Lynne Stewart: An American Story
Directed by Francis van den Heuvel
Just what good is freedom if no one is free,
And folks go to jail if they dare disagree?
And lawyers get punished for doing their jobs?
And folks are afraid of the White House lynch mob?
Lynne Stewart was doing what she had to do
Protecting her client and civil rights, too.
She said an attorney must fight to defend --
"I'd like to think that I would do it again."
-- Vicki Ryder
[See URL for video.]
"I have done nothing wrong. Everything I have done, I have done as a
lawyer." -- Lynne Stewart
"The story of Lynne Stewart is the story of post-9/11 America. It's
a story of the federal government instilling fear, not only in Lynne
Stewart but in freedom-loving people in the United States and
lawyers, people who represent controversial clients." -- Amy Goodman,
"The actions she engaged in, she engaged in in 2000, and while I'm
not going to name names or incriminate myself, it was not uncommon,
at that time, that you would violate basically jail rules. . .
. When Sheikh Omar came to the United States, he was known to the
government as a 'freedom fighter.' He was part of an Islamic
fundamentalist movement that prior administrations had embraced in
their struggle against the Soviet Union." -- Ronald L. Kuby, Lawyer, New York
"The media likes a sexy story. The media likes violence and
conflict. There were no commies out there any more. We now had
Muslims. They wanted conflict stories of 'America Besieged,' so they
picked it up and they ran with it." -- Lynne Stewart
"Today we are able to tell Lynne Stewart's story. There have been
many untold stories of Arab men, South Asian men, being taken from
their homes, detained arbitrarily." -- Daniel Gross, Fordham Law
School, New York
Lynne Stewart: An American Story (78 min.) is to be released in
2009. The quotations above are taken from this video excerpt from
Lynne Stewart: An American Story. For more information about Lynne
Stewart, go to <www.lynnestewart.org>.
Lynne Stewart: Casualty of the "War on Terror"
by Marjorie Cohn
In a decision that reflects the post-911 terrorism hysteria, a
three-judge panel of the Second Circuit Court of Appeals has affirmed
prominent civil rights attorney Lynne Stewart's convictions and
remanded her case to district court Judge John G. Koeltl to
reconsider her sentence. The appellate panel directed Koeltl to
remand Stewart to custody and the 70-year-old woman is now in prison.
Stewart was convicted of conspiracy to provide and conceal material
support to the conspiracy to murder persons in a foreign country (18
U.S.C. sec. 2339A and 18 U.S.C. sec. 2), conspiring to provide and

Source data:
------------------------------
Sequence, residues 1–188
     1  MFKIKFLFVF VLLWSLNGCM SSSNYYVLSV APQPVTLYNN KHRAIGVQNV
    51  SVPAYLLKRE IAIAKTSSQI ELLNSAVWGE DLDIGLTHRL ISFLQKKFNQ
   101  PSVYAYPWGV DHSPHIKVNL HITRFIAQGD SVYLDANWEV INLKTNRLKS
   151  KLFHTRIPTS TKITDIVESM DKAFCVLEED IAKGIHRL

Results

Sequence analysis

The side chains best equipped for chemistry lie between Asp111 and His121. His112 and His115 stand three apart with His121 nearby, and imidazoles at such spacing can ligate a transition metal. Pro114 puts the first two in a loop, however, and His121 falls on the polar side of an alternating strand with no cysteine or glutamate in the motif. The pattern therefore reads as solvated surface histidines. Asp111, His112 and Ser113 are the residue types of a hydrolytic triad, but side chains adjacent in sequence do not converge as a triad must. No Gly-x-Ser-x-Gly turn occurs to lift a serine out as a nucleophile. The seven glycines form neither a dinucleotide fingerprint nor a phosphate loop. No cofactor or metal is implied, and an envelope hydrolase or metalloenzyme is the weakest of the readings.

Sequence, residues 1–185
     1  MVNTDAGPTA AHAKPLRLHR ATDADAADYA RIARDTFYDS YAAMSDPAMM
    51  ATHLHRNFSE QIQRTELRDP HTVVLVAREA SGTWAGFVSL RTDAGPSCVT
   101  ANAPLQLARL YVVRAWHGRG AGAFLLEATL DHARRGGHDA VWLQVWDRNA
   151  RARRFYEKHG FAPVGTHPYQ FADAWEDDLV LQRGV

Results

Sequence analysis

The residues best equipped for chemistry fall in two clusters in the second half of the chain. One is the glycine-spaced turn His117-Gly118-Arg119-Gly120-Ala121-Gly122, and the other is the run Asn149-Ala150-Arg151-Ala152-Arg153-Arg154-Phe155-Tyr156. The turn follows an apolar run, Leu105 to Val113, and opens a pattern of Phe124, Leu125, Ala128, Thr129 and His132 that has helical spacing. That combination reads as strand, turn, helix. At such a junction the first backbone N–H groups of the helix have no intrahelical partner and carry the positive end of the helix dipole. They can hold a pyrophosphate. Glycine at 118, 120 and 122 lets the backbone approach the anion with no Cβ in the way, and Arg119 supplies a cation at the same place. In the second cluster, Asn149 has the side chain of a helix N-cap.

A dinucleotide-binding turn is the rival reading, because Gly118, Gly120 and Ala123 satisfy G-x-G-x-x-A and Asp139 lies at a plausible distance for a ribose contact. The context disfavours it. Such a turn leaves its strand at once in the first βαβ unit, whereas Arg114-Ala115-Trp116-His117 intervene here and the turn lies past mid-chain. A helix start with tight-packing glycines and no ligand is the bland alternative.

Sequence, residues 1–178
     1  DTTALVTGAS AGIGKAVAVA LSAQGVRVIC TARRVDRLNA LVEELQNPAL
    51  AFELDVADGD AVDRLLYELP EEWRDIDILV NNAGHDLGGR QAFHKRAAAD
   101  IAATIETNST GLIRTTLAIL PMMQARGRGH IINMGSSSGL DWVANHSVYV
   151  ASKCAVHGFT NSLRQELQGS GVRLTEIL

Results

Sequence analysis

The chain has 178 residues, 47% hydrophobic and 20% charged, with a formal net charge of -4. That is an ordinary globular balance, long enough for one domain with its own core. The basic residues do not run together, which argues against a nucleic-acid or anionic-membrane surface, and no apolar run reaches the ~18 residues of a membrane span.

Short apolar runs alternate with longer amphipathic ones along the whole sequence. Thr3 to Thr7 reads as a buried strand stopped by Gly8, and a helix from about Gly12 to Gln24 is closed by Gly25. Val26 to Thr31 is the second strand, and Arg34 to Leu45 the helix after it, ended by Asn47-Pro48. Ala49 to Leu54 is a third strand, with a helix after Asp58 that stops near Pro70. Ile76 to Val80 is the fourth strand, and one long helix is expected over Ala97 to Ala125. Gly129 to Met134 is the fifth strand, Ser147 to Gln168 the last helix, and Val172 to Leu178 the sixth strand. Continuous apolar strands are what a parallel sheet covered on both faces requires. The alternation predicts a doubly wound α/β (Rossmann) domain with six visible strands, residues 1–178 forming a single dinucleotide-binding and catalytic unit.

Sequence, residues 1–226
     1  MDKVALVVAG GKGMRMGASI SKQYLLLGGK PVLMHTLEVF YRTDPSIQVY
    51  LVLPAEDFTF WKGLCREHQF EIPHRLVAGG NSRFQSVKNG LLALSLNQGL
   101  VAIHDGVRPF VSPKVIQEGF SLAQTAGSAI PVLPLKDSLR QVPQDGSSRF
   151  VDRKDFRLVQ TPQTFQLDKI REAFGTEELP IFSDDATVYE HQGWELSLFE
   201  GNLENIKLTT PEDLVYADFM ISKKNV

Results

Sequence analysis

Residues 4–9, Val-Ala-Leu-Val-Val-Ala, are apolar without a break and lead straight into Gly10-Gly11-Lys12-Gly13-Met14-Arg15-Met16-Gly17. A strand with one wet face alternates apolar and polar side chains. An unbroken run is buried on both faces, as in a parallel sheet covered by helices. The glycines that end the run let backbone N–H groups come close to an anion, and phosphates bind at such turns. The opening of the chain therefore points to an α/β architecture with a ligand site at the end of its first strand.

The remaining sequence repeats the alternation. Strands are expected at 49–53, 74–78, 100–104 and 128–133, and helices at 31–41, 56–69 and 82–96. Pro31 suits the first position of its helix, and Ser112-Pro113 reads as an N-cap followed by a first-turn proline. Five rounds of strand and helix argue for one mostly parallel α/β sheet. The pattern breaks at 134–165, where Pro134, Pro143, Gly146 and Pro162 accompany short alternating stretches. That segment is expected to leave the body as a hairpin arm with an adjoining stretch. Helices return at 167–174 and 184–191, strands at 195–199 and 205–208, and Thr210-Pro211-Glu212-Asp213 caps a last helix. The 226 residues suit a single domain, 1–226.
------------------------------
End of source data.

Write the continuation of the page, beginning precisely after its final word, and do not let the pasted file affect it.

conceal such support (18 U.S.C. sec. 371), and knowingly and
willfully making false statements (18 U.S.C. sec. 1001). The
majority opinion states that Stewart was convicted "principally with
respect to [her] violations of those measures by which [she] had
agreed to abide," namely, Special Administrative Measures (SAMs).
The SAMs were placed on Stewart's client, Sheikh Omar Ahmad Ali Abdel
Rahman, who is serving a life sentence for terrorism-related
crimes. They restrict his ability to communicate with persons
outside of the prison. Stewart and Abdel Rahman's other attorneys,
Ramsey Clark and Abdeen Jabara, signed statements saying they
wouldn't forward mail from Abdel Rahman to a third person or use
their communications with Abdel Rahman to pass messages between him
and third persons, including the media. Stewart violated her
agreement to abide by the SAMs. Clark and Jabara allegedly did as
well. Lawyers who violate SAMs expect to suffer administrative
consequences, such as being denied visiting privileges. Yet Stewart
was indicted for federal crimes. Clark and Jabara were not.
Judge Koeltl presided over the nine-month trial. Stewart was
precluded from arguing that a prosecution for conspiring to commit a
conspiracy (an inchoate offense) raises serious dangers. Koeltl
sentenced Stewart to 28 months. The maximum sentence under the
federal sentencing Guidelines is 30 years but the Supreme Court held
in United States v. Booker, 543 U.S. 220 (2005) that the guidelines
are advisory, not mandatory.
Koeltl concluded that the terrorism enhancement, "while correct under
the guidelines, would result in an unreasonable result." He cited
"the somewhat atypical nature of Stewart's case" and "the lack of
evidence that any victim was harmed as a result of the charged
offense." The result of the terrorism enhancement, according to
Koeltl, was "dramatically unreasonable in [her] case" because it
"overstate[d] the seriousness of [her] past conduct and the
likelihood that [she would] repeat the offense."